Air Clean Up
Snow White - Russia's Strange Solution to Dirty Snow
Jan 19 2019 Read 649 Times
Dirty snow, caused by soot from fires, dust from soil and, most commonly of all, pollution from industrial power plants and factories, has become more and more of a common problem all over the northern hemisphere in recent years. Russia, which is the sixth biggest producer of coal and the most northerly of any country in the top ten, is no stranger to the phenomenon.
However, residents of the small town of Mysky in the Siberian province of Kemerevo were left nonplussed after it surfaced that the local authorities had taken an unusual approach to combating the black snow. Rather than tackle its root causes or implement measures to restrict pollution, they simply covered up its unsightly appearance by coating it in white paint.
A startling discovery
The roguish behaviour of the town establishment came to light when a local woman stumbled across the fakery and sent a video into a local media channel. She filmed herself touching the bank of snow, which was located outside a community centre where children often play, and coming away with paint on her hand.
A spokesperson for the municipality was sheepish when confronted with the footage. “I will refrain from assessing the professional qualities of the workers, because it is quite obvious,” explained Dmitry Ivanov. “I gave the command to immediately clean the paint and put it in order. I apologise to the townspeople for whom this incident spoiled the New Year mood.”
A widespread problem
While the town’s approach to covering up their dirty little secret has given them more media exposure than they would have liked, the phenomenon has been observed far and wide in recent years. In February last year, residents of a Kazakh town were treated to a Black January as opposed to a White Christmas when a blanket of black dust settled on the deep snow that had been in place throughout the festive period.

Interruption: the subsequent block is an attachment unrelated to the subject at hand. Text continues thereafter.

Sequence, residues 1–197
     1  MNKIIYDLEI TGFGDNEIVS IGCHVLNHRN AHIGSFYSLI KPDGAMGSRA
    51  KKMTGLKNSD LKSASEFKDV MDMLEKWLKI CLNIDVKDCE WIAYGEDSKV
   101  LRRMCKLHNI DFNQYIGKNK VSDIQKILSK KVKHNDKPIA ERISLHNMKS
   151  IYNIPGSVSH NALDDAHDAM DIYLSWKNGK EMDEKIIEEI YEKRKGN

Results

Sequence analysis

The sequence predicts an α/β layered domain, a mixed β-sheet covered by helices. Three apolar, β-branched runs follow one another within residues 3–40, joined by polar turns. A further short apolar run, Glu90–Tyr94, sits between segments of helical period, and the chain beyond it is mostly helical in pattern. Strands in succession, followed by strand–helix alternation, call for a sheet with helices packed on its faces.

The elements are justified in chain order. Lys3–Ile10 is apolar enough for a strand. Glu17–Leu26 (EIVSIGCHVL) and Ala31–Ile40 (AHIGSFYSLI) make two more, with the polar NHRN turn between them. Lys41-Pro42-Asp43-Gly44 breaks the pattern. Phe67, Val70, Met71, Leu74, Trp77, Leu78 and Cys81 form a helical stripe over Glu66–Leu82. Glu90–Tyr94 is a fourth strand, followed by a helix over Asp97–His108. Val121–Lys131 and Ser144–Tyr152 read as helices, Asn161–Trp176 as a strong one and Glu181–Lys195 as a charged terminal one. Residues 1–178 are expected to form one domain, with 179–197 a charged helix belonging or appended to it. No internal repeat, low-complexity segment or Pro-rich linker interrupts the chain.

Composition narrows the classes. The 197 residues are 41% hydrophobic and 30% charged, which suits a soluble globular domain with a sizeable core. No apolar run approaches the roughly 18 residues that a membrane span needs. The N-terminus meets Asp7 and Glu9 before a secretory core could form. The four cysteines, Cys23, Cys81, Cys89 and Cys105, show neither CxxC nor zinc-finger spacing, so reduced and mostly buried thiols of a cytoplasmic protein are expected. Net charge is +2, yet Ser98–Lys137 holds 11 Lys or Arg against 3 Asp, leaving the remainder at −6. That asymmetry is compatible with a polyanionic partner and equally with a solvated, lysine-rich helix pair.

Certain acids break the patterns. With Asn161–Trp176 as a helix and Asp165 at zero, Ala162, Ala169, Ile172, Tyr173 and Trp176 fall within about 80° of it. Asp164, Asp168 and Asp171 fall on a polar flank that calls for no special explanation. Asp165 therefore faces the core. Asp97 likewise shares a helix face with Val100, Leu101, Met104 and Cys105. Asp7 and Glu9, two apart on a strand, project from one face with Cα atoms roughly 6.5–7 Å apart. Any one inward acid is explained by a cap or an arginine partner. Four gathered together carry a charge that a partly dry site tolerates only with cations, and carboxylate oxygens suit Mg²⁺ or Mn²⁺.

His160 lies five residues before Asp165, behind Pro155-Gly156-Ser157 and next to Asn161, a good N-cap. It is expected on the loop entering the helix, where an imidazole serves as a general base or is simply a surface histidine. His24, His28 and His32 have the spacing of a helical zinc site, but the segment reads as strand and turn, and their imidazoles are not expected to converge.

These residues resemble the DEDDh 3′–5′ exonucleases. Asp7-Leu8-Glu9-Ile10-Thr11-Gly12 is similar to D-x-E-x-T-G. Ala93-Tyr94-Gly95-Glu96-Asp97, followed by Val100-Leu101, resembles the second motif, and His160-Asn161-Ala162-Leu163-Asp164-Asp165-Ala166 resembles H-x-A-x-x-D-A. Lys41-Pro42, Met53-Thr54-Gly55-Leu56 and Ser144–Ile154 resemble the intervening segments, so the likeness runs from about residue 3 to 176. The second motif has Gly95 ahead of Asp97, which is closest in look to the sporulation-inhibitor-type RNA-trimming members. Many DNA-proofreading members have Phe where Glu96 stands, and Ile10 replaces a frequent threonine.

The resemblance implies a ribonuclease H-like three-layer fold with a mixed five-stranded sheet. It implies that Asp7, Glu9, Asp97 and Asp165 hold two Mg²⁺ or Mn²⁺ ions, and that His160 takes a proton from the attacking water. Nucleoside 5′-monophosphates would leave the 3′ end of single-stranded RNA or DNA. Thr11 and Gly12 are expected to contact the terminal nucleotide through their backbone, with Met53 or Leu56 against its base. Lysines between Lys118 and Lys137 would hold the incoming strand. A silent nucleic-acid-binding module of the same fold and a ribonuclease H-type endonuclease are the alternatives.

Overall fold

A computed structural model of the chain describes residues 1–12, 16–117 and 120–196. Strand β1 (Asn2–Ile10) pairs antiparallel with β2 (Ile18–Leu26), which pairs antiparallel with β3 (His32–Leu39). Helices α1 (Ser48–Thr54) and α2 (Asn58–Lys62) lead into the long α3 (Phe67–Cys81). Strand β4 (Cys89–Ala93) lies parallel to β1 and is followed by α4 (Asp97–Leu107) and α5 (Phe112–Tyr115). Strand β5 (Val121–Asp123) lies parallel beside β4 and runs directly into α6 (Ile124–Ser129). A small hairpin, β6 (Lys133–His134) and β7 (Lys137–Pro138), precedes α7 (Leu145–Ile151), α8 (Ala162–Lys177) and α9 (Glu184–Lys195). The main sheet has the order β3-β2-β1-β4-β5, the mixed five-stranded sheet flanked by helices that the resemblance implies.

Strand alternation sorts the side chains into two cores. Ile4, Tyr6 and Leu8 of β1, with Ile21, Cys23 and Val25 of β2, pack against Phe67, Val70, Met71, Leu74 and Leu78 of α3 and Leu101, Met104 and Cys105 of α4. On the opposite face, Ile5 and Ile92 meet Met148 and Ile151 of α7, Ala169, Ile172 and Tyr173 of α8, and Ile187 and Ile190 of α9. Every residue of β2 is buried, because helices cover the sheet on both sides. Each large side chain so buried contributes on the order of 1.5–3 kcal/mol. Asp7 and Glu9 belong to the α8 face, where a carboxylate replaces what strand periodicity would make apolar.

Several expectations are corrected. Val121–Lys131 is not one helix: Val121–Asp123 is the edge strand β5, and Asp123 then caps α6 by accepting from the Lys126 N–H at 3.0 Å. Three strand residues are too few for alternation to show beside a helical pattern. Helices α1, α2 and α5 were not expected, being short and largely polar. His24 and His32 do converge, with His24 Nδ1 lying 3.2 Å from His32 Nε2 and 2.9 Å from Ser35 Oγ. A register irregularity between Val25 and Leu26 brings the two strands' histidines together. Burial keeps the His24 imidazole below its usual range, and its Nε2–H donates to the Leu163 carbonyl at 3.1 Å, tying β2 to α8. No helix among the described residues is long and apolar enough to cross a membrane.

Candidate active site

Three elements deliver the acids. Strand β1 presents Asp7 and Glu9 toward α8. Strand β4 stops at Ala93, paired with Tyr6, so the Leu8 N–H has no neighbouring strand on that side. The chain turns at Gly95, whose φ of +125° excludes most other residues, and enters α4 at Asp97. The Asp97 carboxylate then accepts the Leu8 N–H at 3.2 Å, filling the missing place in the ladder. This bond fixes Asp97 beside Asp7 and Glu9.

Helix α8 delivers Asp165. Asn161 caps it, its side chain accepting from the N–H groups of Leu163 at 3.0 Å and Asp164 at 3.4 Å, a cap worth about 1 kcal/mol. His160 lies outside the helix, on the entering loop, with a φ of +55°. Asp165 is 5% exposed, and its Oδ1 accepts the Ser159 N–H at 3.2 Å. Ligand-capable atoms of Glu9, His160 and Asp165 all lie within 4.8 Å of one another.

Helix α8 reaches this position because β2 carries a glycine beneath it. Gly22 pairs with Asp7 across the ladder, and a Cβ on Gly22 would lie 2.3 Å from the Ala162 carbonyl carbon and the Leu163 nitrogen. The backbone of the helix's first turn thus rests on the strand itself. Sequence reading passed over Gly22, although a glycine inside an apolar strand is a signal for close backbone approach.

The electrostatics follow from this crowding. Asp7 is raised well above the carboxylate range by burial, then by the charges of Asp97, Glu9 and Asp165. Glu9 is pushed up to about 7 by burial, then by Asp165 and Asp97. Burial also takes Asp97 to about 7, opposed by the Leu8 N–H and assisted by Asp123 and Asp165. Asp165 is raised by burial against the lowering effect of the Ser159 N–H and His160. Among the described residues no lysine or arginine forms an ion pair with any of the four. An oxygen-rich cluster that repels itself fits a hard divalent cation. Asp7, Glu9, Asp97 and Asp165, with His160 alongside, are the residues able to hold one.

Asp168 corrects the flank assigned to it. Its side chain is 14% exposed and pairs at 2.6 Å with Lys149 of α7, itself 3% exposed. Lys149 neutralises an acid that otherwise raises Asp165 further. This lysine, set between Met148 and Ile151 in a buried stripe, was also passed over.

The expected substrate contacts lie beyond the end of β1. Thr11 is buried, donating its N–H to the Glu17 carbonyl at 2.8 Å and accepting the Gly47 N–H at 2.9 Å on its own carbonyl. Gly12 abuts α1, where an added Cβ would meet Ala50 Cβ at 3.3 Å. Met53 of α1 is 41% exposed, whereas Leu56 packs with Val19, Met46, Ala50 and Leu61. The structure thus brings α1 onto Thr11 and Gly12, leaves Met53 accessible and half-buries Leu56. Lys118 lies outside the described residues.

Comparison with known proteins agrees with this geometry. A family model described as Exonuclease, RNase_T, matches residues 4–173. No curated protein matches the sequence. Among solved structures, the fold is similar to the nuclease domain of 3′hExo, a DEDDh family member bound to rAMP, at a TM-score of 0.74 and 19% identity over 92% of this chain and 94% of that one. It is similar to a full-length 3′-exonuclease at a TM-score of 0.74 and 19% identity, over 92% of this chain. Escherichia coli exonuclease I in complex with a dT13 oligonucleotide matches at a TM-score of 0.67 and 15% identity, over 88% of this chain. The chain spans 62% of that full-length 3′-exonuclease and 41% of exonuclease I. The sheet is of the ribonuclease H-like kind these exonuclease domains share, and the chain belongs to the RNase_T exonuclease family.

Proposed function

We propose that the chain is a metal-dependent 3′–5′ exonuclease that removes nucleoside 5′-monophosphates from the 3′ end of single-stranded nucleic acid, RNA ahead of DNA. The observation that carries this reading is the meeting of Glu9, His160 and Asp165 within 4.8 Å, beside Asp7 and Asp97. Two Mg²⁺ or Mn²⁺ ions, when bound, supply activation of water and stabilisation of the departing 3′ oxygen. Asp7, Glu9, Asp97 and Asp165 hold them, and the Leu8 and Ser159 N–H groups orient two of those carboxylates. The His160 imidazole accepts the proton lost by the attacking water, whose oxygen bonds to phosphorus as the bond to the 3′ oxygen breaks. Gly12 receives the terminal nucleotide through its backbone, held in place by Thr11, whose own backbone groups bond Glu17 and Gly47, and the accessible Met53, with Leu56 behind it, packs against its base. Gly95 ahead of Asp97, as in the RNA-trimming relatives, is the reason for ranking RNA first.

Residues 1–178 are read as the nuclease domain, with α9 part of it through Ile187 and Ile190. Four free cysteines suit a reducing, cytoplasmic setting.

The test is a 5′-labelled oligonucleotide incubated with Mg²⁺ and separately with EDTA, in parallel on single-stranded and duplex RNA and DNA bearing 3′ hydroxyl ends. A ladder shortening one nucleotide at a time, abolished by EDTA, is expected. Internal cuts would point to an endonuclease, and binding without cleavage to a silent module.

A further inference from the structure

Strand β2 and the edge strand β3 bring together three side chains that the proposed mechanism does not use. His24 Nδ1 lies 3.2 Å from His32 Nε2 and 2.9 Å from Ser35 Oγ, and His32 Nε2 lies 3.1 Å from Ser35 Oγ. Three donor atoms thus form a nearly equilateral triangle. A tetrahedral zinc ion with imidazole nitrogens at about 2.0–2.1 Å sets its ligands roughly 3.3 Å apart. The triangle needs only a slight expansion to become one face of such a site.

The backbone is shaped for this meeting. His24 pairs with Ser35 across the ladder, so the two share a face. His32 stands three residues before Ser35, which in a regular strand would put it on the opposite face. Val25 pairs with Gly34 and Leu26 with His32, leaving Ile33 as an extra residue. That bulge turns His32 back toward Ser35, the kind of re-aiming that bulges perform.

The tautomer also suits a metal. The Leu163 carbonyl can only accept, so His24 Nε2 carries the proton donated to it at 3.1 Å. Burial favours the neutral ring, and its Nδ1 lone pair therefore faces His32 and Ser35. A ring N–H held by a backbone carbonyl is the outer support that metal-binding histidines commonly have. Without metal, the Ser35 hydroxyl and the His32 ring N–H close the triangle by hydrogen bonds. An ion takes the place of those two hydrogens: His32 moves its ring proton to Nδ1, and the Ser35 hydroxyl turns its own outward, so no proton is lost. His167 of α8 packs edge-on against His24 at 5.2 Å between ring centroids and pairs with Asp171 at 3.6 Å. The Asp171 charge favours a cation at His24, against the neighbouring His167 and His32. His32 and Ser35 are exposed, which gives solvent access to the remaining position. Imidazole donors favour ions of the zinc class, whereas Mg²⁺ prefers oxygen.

Elsewhere, the issue has also been observed in places as remote as the Arctic Circle and the Himalayan mountain range. There are a variety of contributing factors but the biggest one is undoubtedly manmade industry, especially in colder climates near coal factories or other energy generation plants.
A sign of the times
Rather than covering up the problem, as the hapless authorities in this small Russian town foolishly tried to do, it must fall to governments and corporations to clean up their act and rein in the damaging effects of their emissions. Of course, energy and electricity will still be vital components of daily human life and are only set to increase in demand in the coming years, but exploring sustainability in mining is the best way to meet our needs without endangering our planet.
If we continue to extract and combust fossil fuels in similar quantities as we currently do, harbingers of climate problems for the next generation, like this black snow, will continue to abound. Avoiding a worst-case scenario tomorrow can only be achieved by amending our habits today.
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